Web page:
Lincoln Reconstruction Plan by 2r2s4Ru

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									Lincoln Reconstruction Plan


Presidents, December 1863

Abraham Lincoln had thought about the process of restoring the Union from the earliest
days of the war. His guiding principles were to accomplish the task as rapidly as
possible and ignore calls for punishing the South.

In late 1863, Lincoln announced a formal plan for reconstruction:

   1. A general amnesty would be granted to all who would take an oath of loyalty to
      the United States and pledge to obey all federal laws pertaining to slavery
   2. High Confederate officials and military leaders were to be temporarily excluded
      from the process
   3. When one tenth of the number of voters who had participated in the 1860
      election had taken the oath within a particular state, then that state could launch
      a new government and elect representatives to Congress.

The states of Louisiana, Arkansas and Tennessee rapidly acted to comply with these
terms. However, the Lincoln plan was not acceptable to Congress.




Initial Congressional Plan


Federal Government, Reconstruction

The Radical Republicans voiced immediate opposition to Lincoln’s reconstruction plan,
objecting to its leniency and lack of protections for freed slaves. Congress refused to
accept the rehabilitation of Tennessee, Arkansas, and Louisiana.

In July 1864, Congress passed the Wade-Davis Bill, their own formula for restoring the
Union:

   1. A state must have a majority within its borders take the oath of loyalty
   2. A state must formally abolish slavery
   3. No Confederate officials could participate in the new governments.

Lincoln did not approve of this plan and exercised his pocket veto.

An angry Congress would later pass the Wade-Davis Manifesto (August 1864), which
charged Lincoln with usurping the powers of Congress. This statement would have
little impact on the public, as the military news from the South improved; Sherman’s
Atlanta Campaign restored Lincoln’s popularity and helped assure his reelection.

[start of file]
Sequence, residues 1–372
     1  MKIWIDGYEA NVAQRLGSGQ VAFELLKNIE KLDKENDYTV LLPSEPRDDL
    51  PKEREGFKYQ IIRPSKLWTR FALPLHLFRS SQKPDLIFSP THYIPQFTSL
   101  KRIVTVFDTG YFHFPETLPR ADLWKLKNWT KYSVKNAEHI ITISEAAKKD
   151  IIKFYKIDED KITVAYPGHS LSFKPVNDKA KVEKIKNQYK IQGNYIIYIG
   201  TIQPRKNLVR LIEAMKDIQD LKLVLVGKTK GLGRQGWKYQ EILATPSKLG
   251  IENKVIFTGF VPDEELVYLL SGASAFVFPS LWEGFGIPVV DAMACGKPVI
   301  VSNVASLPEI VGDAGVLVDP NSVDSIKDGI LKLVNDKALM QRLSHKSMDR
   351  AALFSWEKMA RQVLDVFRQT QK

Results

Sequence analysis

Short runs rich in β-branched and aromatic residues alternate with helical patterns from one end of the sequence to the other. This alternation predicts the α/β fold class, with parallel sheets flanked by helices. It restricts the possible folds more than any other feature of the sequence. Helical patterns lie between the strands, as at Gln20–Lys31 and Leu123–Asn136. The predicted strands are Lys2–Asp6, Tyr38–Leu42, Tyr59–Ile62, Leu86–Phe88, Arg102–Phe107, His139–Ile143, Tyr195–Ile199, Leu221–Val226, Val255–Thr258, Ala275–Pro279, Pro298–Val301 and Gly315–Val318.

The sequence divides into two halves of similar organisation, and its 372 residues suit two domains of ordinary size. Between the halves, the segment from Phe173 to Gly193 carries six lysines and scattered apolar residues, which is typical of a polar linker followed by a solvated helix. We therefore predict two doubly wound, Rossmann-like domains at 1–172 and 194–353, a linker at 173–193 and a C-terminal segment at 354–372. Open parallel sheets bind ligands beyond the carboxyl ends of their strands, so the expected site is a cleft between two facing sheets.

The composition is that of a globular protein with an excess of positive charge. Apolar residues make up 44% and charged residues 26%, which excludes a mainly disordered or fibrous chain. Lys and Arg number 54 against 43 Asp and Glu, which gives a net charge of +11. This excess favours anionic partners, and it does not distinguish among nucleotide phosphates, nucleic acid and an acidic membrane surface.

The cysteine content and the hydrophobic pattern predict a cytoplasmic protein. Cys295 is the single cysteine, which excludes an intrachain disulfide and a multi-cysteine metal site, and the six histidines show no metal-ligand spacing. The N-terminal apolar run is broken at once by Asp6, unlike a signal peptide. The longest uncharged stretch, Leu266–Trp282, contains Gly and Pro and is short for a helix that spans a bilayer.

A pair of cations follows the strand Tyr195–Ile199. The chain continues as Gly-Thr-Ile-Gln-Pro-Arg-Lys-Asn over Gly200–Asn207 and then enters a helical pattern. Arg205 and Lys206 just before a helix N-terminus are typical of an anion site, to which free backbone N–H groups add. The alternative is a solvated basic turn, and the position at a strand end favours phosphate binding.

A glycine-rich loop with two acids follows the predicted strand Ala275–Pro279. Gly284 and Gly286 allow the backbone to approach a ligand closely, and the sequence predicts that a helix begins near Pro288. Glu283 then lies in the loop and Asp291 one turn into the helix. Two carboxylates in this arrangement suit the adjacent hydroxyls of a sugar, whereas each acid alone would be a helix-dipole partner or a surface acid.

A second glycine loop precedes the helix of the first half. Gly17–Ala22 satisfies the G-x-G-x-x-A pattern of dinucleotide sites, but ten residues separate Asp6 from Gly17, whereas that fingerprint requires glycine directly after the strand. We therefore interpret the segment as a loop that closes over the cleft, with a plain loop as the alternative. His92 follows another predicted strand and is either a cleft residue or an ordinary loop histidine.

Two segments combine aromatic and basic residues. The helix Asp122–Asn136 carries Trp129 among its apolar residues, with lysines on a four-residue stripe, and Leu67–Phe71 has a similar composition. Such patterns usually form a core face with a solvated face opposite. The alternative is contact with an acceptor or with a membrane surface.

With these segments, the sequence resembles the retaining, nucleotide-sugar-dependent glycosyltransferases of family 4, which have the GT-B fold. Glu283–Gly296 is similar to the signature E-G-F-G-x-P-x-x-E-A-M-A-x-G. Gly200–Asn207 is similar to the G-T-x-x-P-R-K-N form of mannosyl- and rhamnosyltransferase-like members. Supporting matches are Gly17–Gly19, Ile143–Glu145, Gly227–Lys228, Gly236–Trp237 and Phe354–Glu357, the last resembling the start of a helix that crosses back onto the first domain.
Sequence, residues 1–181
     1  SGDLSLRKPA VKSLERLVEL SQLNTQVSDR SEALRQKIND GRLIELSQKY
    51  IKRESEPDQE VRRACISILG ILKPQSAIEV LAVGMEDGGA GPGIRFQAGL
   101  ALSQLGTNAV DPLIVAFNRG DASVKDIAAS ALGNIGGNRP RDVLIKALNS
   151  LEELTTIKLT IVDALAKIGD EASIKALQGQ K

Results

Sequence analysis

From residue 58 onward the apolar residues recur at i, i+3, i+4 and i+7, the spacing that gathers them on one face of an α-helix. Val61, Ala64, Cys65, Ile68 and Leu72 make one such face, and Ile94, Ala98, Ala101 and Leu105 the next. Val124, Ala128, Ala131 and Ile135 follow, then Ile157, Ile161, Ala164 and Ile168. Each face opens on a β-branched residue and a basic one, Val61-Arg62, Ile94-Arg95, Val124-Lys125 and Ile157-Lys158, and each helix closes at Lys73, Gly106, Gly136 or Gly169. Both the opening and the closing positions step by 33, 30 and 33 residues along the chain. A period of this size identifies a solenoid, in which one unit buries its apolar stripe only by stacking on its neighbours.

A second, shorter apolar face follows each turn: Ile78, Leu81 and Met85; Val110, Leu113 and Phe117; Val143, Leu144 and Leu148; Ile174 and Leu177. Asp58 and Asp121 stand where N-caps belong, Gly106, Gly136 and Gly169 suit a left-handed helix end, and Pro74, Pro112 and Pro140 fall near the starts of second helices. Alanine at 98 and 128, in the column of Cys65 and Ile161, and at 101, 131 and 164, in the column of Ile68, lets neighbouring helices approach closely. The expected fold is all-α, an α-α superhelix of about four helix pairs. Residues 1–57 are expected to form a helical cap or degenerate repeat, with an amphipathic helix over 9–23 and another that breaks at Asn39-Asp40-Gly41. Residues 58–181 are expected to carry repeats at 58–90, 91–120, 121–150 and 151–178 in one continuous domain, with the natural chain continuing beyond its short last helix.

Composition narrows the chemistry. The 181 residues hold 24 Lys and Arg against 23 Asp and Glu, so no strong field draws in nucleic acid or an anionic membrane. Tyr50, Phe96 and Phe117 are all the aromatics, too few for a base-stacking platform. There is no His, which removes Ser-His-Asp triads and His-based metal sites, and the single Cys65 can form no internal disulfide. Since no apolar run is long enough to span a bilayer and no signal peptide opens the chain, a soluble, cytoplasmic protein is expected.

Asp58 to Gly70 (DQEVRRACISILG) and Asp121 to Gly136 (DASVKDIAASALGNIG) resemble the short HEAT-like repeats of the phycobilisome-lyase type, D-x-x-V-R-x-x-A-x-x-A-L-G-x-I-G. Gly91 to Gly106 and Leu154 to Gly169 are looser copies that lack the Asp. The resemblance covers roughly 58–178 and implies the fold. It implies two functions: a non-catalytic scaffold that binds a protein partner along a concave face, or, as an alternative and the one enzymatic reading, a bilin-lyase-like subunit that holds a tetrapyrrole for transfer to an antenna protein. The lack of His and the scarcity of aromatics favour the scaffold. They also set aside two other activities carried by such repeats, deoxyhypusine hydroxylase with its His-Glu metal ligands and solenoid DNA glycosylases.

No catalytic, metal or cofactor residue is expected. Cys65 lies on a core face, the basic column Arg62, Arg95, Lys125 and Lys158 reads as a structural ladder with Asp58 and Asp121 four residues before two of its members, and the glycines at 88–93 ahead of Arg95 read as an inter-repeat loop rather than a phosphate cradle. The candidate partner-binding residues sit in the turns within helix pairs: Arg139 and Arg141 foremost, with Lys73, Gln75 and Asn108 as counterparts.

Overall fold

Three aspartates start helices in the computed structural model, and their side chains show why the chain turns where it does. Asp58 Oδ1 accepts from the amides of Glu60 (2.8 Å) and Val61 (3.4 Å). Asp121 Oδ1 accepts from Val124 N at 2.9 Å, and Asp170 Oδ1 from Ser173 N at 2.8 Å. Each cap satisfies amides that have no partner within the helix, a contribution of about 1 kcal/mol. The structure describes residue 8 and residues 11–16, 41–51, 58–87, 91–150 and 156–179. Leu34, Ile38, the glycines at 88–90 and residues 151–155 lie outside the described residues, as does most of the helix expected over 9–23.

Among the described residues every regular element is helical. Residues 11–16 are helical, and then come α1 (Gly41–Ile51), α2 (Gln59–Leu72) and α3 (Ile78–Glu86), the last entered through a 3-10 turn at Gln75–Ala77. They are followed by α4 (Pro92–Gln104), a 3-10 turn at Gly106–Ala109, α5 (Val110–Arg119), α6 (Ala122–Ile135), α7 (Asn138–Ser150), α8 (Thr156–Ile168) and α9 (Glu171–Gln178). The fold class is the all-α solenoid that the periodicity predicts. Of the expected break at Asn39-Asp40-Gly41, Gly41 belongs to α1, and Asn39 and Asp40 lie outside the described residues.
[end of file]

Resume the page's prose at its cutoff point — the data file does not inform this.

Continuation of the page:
Andrew Johnson Reconstruction Plan


                                      Social Issues

                                      The looming showdown between Lincoln and the
                                      Congress over competing reconstruction plans
                                      never occurred. The president was assassinated
                                      on April 14, 1865. His successor, Andrew
                                      Johnson of Tennessee, lacked his predecessor’s
                                      skills in handling people; those skills would be
                                      badly missed. Johnson’s plan envisioned the
                                      following:

                                            Pardons would be granted to those taking
                                             a loyalty oath
                                            No pardons would be available to high
                                             Confederate officials and persons owning
                                             property valued in excess of $20,000
                                            A state needed to abolish slavery before
                                             being readmitted
                                            A state was required to repeal its
                                             secession ordinance before being
                                             readmitted.

Most of the seceded states began compliance with the president’s program. Congress
was not in session, so there was no immediate objection from that quarter. However,
Congress reconvened in December and refused to seat the Southern representatives.

Reconstruction had produced another deadlock between the president and Congress.
Radical Republican Reconstruction Plan


Politics and Public Service

The postwar Radical Republicans were motivated by three main factors:

   1. Revenge — a desire among some to punish the South for causing the war
   2. Concern for the freedmen — some believed that the federal government had a
      role to play in the transition of freedmen from slavery to freedom
   3. Political concerns — the Radicals wanted to keep the Republican Party in power
      in both the North and the South.

On the political front, the Republicans wanted to maintain their wartime agenda, which
included support for:

      Protective tariffs
      Pro-business national banking system
      Liberal land policies for settlers
      Federal aid for railroad development

If the South were to fall back into Democratic hands, these programs would suffer. This
threat brought many Republicans around to supporting the vote for blacks (15th
Amendment). Grateful freedmen voting Republican would help to maintain the status
quo.

The postwar Congress pushed through a number of measures designed to assist the
freedmen, but also demonstrate the supremacy of Congress over the president. These
measures included the Civil Rights Act of 1866, the 14th Amendment, the Tenure of
Office Act and the Army Appropriations Act.

The culmination of this process occurred in 1867 and 1868, when Congress passed a
series of Reconstruction Acts; these measures were implemented and constituted the
final restoration program for the South. The Radical Republicans in Congress, however,
were not satisfied until they dealt with their chief tormenter in the impeachment of
Andrew Johnson.

								
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